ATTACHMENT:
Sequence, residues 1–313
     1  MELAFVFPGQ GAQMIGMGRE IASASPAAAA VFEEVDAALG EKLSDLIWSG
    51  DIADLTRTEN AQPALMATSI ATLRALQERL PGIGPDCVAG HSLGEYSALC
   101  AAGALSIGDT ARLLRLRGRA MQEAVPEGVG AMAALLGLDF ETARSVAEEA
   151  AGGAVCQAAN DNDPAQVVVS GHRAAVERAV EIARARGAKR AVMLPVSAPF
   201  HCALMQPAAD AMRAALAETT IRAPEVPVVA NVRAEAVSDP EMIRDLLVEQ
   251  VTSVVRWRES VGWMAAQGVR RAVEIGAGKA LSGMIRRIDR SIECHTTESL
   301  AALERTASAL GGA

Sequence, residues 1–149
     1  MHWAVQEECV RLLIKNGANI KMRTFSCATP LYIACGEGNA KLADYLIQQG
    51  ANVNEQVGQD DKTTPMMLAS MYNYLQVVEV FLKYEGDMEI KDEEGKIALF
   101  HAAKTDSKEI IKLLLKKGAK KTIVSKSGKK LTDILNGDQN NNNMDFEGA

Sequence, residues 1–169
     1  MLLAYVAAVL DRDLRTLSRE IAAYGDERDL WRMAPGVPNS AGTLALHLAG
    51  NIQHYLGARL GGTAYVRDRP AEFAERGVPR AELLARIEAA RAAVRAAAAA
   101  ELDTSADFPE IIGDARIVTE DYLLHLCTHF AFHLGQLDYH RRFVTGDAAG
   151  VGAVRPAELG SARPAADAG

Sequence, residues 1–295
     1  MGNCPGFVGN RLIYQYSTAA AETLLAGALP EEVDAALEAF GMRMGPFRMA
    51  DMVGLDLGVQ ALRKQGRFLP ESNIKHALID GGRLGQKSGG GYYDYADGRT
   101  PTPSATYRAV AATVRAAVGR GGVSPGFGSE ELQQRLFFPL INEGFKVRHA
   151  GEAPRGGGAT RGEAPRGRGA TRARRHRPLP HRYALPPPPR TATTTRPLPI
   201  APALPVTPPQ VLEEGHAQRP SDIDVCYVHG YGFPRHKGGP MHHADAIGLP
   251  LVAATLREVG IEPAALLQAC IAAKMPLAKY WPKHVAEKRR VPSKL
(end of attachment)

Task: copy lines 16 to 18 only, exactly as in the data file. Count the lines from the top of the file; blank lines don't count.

   101  ELDTSADFPE IIGDARIVTE DYLLHLCTHF AFHLGQLDYH RRFVTGDAAG
   151  VGAVRPAELG SARPAADAG

Sequence, residues 1–295